Do athletes get the same education as non-athletes?

This past weekend, I led prospective student-athletes and their parents on campus tours as part of the Future Garnet Baseball camp. One of the most common questions from both the parents and the prospects was “Do you think the athletes at Swarthmore receive the same education as the non-athletes here?” The frequency of this question wasn’t abnormal to just  me; I’ve asked other tour guides, and they’ve confirmed they’ve gotten that question a lot as well. In fact, it was the first question asked at an incoming student-athlete information session during orientation. Prospective student-athletes simply want to know how their education will compare to their non-athlete peers.

     The short answer is yes; our student-athletes receive a comparable education to our non-athletes. The long answer is a little more complicated, however.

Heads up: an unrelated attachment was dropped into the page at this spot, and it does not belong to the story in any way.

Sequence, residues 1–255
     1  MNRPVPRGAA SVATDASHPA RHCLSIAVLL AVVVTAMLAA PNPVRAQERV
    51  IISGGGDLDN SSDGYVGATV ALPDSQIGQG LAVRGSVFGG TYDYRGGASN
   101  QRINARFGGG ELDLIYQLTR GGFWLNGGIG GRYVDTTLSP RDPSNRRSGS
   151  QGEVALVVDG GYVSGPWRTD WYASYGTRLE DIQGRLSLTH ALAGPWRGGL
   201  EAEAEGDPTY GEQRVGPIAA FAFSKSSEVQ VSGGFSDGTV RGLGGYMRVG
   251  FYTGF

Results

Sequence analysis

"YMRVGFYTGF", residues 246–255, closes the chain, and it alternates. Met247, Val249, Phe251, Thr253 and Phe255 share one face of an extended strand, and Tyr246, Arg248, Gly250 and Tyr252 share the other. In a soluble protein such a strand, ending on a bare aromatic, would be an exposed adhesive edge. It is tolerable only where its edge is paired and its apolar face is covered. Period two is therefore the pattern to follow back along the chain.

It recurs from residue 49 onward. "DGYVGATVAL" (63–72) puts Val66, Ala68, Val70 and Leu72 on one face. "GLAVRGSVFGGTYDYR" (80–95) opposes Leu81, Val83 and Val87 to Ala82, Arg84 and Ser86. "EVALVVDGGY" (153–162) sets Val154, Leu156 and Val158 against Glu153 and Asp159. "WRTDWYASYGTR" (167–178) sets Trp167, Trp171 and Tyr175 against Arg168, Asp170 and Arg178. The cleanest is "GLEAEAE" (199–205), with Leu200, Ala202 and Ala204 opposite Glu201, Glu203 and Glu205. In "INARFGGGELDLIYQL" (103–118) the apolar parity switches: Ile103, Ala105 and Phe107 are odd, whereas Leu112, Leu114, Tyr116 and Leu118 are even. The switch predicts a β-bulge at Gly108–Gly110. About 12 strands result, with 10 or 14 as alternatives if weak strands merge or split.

At Swarthmore, there is no question that academics are our first priority. We are not a sports-crazy school where all the student body seems to care about is football or basketball. When you Google “Swarthmore,” you get results about our academic prestige, whereas when you Google “Alabama,” it suggests “Crimson Tide Football.” When you take a look at these SEC and ACC powerhouses that are most notable for their athletics programs, you will notice that when you check their rosters, most football players will tend to have similar majors. At Georgia Tech, which is otherwise an academically excellent school, 16 of the 22 football starters are majoring in Management, according to a study done by the Wall Street Journal. School officials state that this isn’t because the Management major is “easier,” but it’s hard to believe that over 70 percent of their best players are in the same major by coincidence. This isn’t abnormal across similar schools. One-third of Clemson football players are Parks, Recreation, and Tourism majors. A similar amount of LSU football players are Sports Administration majors. You just need to look at the scandal that unfolded at UNC to see why this is a problem. For almost 18 years, a disproportionate amount of football and basketball players were enrolled in the Afro-American studies major, which consisted of “paper” courses where classes never met and all grades were based on essays written outside of class. According to Rashad McCants, a member of the 2005 national champion team at UNC, these athletes were conveniently provided with tutors who then wrote all of the papers for the athletes. Former UNC tutor Mary Willingham, who was the whistleblower that uncovered the scandal to the public, has said that the classes were a model for athletes to remain eligible with the NCAA, and at least four key members of the 2005 team heavily relied on these courses.